Featuring real estate articles and information to help real estate buyers and sellers. The Nest features writings from Georges Benoliel and other real estate professionals. Georges is the Co-Founder of NestApple and has been working as an active real estate investor for over a decade.
NYC’s real estate market is one of the most competitive in the world for home buyers. For example, you think you have found your dream home on StreetEasy and go to the open house to learn that you are competing with three other potential buyers. How to win a real estate bidding war on homes in NYC? Real estate agents at NestApple are here to help! We are giving you strategies to give you an edge in winning real estate bidding wars.
The term “comps” is short for comparable sales. Ensure NestApple runs comps to justify the value of the home you hope to buy and evaluate that relative to the asking price.
First, compare coops to coops and condos to condos, and it would help if you made an informed decision.
Indeed, as with any investment, you want a clear strategy to ensure you do not let your emotions get the better. Remember: buying an apartment is a business deal!
When you make an offer, you probably know your budget well. However, when encountering a bidding war, NYC buyers may get carried away by their desire to win and lose sight of the bigger picture. Then, draw a line in the sand with your budget so you do not overextend yourself.
Don’t compare yourself to others. Your budget, needs, and requirements are yours and should be the only criteria to consider.
There are plenty of homes in NYC, and there will be other opportunities. You always want to avoid a bidding war: if there’s a bidding war, it means someone is overpaying.
Make sure your buyer’s agent runs comps to justify the approximate value of the condo or co-op you are hoping to buy and evaluate that relative to the asking price for the apartment. It would be best if you made an informed decision.
As with any investment, you want a clear, well-research strategy to ensure you don’t let your emotions get the better during a negotiation.
Wouldn’t you prefer to sell your home to someone who genuinely appreciates it rather than to someone who nitpicks its flaws or seems apathetic in an attempt to gain leverage during negotiations?
It’s common for people to bid in round numbers. This means offering an odd number can help you stand out and potentially come in just above a similar offer. For example, it is offering $751,500 instead of $750,000.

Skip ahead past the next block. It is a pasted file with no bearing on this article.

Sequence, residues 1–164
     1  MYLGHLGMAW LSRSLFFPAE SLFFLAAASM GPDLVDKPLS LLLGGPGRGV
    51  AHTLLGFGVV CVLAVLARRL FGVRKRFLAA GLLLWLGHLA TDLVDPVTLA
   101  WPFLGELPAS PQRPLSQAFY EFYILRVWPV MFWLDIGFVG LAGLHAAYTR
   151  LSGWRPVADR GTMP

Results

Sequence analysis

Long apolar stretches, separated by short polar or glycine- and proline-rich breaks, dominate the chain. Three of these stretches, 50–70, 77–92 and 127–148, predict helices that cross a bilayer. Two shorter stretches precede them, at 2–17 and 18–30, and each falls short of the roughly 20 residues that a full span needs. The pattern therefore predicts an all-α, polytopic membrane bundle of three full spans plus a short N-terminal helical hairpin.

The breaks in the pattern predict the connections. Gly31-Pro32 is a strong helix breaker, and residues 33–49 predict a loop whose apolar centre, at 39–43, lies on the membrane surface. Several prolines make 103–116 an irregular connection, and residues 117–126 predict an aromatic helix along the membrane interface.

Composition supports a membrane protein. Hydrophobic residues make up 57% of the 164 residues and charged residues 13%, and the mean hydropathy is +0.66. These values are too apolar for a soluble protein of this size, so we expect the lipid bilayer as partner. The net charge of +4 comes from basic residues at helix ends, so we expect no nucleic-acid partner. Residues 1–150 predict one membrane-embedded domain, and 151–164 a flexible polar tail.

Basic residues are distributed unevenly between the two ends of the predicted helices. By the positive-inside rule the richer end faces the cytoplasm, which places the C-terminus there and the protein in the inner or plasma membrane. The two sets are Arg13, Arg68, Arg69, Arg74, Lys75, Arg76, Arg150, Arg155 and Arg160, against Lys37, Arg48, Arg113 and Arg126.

As a buyer, you may consider accommodating the specific requests of the seller. This could include agreeing to a speedy closing, purchasing furniture, or allowing the seller to remain in the property for a certain period after the sale has been finalized.
Also, price is not the only aspect to consider when preparing your offer. Non-financial terms are a great way to make your request stand out. This may include timing, flexibility on the target closing date, and a short-term leaseback option.
Some sellers are motivated by terms; for sellers that want to sell their apartment but have not lined up their relocation, offering a short-term leaseback can remove much stress during the home sale process. For instance, some sellers might prioritize flexibility with timing over a higher price.
Whether you have strong ties to a community, are a first-time buyer, or are experiencing a life event, telling your story can help create a personal bond with the seller. Writing a heartfelt personal offer letter about yourself and what buying that property means may position you favorably.
You should specify what you love about the house and personal connections. Your agent should write a carefully crafted letter on your agent’s letterhead (scanned and emailed is acceptable) explaining your offer and its reasoning and reference supportive information like comparable sales. It communicates sincerity and demonstrates that you are probably not making multiple offers on ten properties simultaneously.
And usually, the seller’s broker will show it to the seller, ensuring you have an advantage.
It’s advisable to make an all-cash offer. Still, if that’s not possible, you may want to consider forgoing the mortgage contingency to compete with a cash offer, provided you haven’t already done so.
Therefore, being an all-cash buyer makes you seem like the better, safer option for a seller looking for a smooth transaction. If you have enough liquid assets sitting around to purchase the apartment with an all-cash offer, it is not uncommon for wealthy buyers to buy the property all cash and take out a mortgage after closing.
People call it “delayed financing” or “cash-out refinancing.”
For those buyers in the financial position to pursue such a strategy, it is best to speak to your mortgage professional and accountant. You need to understand how much you’d be approved for in delayed financing and any timing requirements to complete such financing after closing.
Lastly, a commission rebate can provide additional buying power relative to your competition. If you buy a $2 million home with a 6% commission, your buyer rebate totals 2% of the home purchase price.
Therefore, that’s a savings of $40,000 that you can use to increase your buying power. In other words, you can use an extra $40,000 to win a bidding war on a house.
Now you have enough tools to win a bidding war in New York City.